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India moon craft hit by heat rise

By Swaminathan Natarajan
BBC Tamil service

Moon (ISRO)
The lunar surface viewed by the Moon Impact Probe on its descent

Indian scientists are exploring various options to cool down a sudden surge of temperature inside the country's first unmanned lunar craft, Chandrayaan 1.

The temperature inside the satellite has gone over 50C, prompting scientists to take drastic measures.

They say that the problem arose because of very hot temperatures during the lunar orbit.

The mission is regarded as a major step for India as it seeks to keep pace with other space-faring nations in Asia.

Earlier this month the spacecraft sent a probe onto the surface of the moon.

Urgent measures

"Now the moon, our satellite and the sun are in same line this means our craft is receiving 1,200 watts of heat from the moon and 1,300 watts from the sun per meter square," said M Annadurai, project director of Indian's moon mission.

CHANDRAYAAN 1
Infographic (BBC)
1 - Chandrayaan Energetic Neutral Analyzer (CENA)
2 - Moon Impact Probe (MIP)
3 - Radiation Dose Monitor (RADOM)
4 - Terrain Mapping Camera (TMC)
5 - Moon Mineralogy Mapper (M3)
6 - Chandrayaan 1 X-ray Spectrometer (C1XS)
7 - Solar Panel

If the temperature is not kept in check, many instruments on board the orbiter may fail to perform, scientists say.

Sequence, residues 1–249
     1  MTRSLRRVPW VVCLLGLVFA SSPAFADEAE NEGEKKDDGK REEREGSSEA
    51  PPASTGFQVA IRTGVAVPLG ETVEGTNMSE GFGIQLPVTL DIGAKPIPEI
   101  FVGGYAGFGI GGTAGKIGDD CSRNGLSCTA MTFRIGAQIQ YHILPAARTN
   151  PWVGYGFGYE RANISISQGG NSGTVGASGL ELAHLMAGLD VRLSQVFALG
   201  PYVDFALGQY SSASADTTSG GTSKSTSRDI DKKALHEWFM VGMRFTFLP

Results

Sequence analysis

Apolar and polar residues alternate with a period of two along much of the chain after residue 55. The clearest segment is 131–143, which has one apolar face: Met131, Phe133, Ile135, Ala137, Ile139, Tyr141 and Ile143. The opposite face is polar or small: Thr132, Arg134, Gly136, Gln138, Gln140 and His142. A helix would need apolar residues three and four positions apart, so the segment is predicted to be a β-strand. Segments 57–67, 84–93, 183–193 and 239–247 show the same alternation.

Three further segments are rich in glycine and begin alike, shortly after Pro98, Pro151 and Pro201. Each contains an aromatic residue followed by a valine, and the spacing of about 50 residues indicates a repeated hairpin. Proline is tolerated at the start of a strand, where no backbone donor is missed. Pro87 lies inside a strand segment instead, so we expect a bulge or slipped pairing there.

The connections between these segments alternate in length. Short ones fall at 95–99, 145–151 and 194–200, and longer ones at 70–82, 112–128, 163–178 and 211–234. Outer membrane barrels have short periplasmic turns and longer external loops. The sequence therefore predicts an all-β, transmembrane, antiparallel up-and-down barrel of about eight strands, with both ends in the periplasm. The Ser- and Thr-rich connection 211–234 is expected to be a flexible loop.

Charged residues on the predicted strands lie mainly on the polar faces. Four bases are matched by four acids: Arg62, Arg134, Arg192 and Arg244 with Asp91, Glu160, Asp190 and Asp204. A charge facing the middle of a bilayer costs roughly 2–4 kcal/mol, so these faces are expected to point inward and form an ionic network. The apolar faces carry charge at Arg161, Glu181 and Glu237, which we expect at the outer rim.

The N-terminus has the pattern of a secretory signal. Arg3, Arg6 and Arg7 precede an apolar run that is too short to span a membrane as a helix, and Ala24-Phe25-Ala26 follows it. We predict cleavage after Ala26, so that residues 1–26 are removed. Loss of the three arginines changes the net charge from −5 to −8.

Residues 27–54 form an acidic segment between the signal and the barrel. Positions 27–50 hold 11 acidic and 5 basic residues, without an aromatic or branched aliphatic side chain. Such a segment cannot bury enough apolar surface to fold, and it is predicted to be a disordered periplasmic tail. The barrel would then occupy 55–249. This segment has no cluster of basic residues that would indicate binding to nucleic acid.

This has prompted them to take urgent measures. Most of the instruments are now switched off or being used sparingly.

"We have rotated the spacecraft by 20 degrees and this has helped to reduce the temperature of the craft. We have also switched off certain equipment like mission computers and this has resulted in the reduction of temperature to 40C now. At this temperature all the equipment can perform very well," Mr Annadurai said.

"Although we did factor in the thermal conditions in the lunar orbit, the temperature is a bit higher than we anticipated."

He insisted all the instruments carried on board of the satellite have been tested and were working properly.

While the turning-off of certain equipment will have an impact on lunar research, Mr Annadurai said that it was not worth "taking the risk to run it" at present.

Scientists also plan to raise the orbit of the Indian craft to cool it down. It is presently in orbit 100km (62 miles) from the moon. However Mr Annadurai said that would only be done as a last resort.

He said that the next month would be critical for the survival of the mission, which has an intended life span of two years.

"We are able to use terrain mapping cameras to take picture of the moon whenever required," Mr Annadurai said.

India launched its first lunar mission on 22 October. The mission aims to map the lunar surface, look for traces of water and the presence of helium.

The current difficulties are the first to be experienced by the probe, which has been praised for sending the probe onto the moon's surface.



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